Americans' Predictions for the Year Ahead: Economy

Predictions for U.S. Power in the World Below Average

While about half of Americans (49%) expect the U.S. to increase its power in the world in 2018, this is lower than in 14 of the 17 years Gallup has asked the question. Americans are more optimistic now than they were when making a prediction for 2013, after the attack on the U.S. consulate in Benghazi, Libya. The other exceptions were for 1974 and 1976, as the Watergate scandal was unfolding and during the ongoing energy crisis.

The percentage predicting the U.S. would increase its power in the year ahead rose as high as 84% when Americans looked ahead to 1963, after President John F. Kennedy had successfully defused the Cuban missile crisis.

Americans' Predictions for the Year Ahead: Economy

Bottom Line

In the context of Gallup's trends, Americans' expectations for the U.S. economy in 2018 are more optimistic than usual, while predictions for international peace and the United States' power in the world are below average. These findings mirror Americans' evaluations of Trump's handling of the economy, which are more positive than their views on his handling of foreign affairs and the situation with North Korea.

Trump and the Republican Party will certainly attempt to use Americans' economic optimism to their advantage heading into the 2018 congressional midterm elections by emphasizing positive economic news. However, key to this approach will be Republican efforts to change Americans' generally pessimistic views of the new tax reform legislation as the law's tax cuts become reality.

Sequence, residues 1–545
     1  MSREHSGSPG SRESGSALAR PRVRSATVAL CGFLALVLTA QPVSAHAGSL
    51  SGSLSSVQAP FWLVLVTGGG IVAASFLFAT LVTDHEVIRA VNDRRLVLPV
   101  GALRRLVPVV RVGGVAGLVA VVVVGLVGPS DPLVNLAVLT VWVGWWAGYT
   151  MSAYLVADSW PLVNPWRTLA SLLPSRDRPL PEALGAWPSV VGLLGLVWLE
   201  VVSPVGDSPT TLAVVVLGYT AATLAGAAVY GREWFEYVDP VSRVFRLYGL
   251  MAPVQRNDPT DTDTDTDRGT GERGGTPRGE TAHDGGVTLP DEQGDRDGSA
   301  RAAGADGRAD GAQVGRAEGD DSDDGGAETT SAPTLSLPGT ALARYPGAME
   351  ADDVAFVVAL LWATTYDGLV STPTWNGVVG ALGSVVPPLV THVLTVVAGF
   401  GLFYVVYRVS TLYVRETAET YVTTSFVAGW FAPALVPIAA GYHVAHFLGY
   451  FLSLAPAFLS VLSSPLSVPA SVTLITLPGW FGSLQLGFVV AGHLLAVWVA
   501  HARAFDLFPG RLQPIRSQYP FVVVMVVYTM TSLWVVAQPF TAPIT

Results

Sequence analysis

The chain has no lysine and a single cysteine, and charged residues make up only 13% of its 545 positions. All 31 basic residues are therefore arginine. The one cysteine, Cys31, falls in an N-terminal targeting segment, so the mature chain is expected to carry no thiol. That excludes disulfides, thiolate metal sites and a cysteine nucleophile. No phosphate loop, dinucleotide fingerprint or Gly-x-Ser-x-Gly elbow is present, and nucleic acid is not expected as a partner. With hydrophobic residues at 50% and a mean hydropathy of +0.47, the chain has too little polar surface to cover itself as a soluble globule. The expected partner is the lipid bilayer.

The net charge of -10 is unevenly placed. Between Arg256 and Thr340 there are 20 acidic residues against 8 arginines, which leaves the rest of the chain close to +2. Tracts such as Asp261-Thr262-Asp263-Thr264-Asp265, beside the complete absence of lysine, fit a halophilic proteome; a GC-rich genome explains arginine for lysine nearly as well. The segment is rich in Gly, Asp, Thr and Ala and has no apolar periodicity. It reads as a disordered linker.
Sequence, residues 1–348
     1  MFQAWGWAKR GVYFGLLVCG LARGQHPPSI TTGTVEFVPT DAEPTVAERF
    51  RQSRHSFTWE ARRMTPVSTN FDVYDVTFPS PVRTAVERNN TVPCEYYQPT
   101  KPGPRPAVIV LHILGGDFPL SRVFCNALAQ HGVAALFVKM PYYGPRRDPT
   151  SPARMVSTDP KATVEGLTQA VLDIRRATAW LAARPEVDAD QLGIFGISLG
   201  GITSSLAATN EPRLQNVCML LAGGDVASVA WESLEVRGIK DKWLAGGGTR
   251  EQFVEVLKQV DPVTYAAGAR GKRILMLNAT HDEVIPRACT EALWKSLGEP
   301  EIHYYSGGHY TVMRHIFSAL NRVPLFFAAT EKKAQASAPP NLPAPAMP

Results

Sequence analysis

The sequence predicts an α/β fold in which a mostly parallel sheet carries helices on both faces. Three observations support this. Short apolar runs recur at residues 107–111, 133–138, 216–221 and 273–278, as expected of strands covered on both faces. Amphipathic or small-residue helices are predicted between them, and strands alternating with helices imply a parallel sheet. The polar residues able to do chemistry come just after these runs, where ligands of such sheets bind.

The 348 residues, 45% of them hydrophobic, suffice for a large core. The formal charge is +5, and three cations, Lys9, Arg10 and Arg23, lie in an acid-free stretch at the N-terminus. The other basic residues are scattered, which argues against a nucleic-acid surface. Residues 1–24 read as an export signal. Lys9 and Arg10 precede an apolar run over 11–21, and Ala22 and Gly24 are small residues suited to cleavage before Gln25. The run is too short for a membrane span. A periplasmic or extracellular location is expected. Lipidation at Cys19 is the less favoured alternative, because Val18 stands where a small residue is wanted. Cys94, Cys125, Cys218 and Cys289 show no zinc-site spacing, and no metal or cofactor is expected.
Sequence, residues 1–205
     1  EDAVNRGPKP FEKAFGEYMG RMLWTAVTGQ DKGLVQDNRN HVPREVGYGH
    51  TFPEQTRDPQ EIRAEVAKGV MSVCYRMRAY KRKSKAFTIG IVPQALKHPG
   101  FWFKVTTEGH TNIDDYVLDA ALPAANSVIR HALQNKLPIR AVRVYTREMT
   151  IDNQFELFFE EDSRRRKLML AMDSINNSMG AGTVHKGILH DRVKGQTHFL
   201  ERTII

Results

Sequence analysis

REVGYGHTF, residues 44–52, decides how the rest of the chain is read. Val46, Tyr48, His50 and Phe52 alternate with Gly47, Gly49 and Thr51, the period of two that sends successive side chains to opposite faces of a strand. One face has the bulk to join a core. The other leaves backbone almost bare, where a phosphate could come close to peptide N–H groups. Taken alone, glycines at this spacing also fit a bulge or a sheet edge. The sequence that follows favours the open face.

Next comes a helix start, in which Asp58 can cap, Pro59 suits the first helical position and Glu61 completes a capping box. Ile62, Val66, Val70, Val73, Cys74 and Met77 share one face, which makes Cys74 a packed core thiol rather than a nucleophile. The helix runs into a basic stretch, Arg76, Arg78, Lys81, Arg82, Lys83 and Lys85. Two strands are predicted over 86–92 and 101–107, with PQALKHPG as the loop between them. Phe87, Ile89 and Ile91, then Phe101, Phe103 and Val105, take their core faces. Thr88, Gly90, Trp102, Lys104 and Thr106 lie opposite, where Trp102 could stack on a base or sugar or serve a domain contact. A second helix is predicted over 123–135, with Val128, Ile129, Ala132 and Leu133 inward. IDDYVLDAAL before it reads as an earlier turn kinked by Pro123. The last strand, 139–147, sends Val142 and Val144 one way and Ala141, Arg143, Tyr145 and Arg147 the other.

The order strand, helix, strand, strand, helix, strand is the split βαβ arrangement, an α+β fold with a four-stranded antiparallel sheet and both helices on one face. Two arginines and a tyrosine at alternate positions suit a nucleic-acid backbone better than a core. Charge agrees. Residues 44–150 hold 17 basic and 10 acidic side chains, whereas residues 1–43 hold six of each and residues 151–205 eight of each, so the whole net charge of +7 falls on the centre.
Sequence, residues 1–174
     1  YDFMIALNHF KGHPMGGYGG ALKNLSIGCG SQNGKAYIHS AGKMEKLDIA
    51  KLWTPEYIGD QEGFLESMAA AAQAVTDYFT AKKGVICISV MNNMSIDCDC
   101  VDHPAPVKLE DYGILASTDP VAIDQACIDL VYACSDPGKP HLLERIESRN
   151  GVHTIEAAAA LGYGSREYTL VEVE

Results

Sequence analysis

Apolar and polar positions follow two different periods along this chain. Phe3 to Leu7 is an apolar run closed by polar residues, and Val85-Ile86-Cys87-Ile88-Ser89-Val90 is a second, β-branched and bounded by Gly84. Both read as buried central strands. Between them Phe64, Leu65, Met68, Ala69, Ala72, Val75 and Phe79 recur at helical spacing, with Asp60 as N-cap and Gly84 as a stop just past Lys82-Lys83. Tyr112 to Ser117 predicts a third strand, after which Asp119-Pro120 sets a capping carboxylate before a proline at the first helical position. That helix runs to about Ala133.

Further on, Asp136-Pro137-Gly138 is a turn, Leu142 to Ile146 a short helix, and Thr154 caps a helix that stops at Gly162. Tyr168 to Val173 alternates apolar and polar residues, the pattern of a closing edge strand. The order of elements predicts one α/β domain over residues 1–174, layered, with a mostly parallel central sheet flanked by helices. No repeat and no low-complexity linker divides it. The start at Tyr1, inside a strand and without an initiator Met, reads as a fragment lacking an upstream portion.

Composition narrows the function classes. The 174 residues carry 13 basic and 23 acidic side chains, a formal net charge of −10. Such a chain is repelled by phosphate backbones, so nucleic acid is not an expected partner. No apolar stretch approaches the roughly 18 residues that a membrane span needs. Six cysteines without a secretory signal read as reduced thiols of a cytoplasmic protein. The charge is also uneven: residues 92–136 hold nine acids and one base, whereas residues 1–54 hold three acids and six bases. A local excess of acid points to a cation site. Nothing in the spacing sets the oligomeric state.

Americans' assessments of international peace could, at least in part, be affected by whether Trump can defuse the situation with North Korea, a country Americans have long considered one of the nation's greatest threats. While history suggests it is unlikely that the public would expect a year that is mostly free of international strife, calming tensions with North Korea would likely improve Americans' outlook.

The United States' power in the world could be a sore spot for Trump and the GOP in the year ahead. Americans rated the United States' world standing as the worst in a decade in February 2017. Domestic events such as special prosecutor Robert Mueller's investigation into Russia's alleged interference in the 2016 election could also affect perceptions of the nation's power abroad as the New Year unfolds.

Survey Methods

Results for this Gallup poll are based on telephone interviews conducted Dec. 4-11, 2017, with a random sample of 1,049 adults, aged 18 and older, living in all 50 U.S. states and the District of Columbia. For results based on the total sample of national adults, the margin of sampling error is ±4 percentage points at the 95% confidence level. All reported margins of sampling error include computed design effects for weighting.

Each sample of national adults includes a minimum quota of 70% cellphone respondents and 30% landline respondents, with additional minimum quotas by time zone within region. Landline and cellular telephone numbers are selected using random-digit-dial methods.

View survey methodology, complete question responses and trends.

Learn more about how the Gallup Poll Social Series works.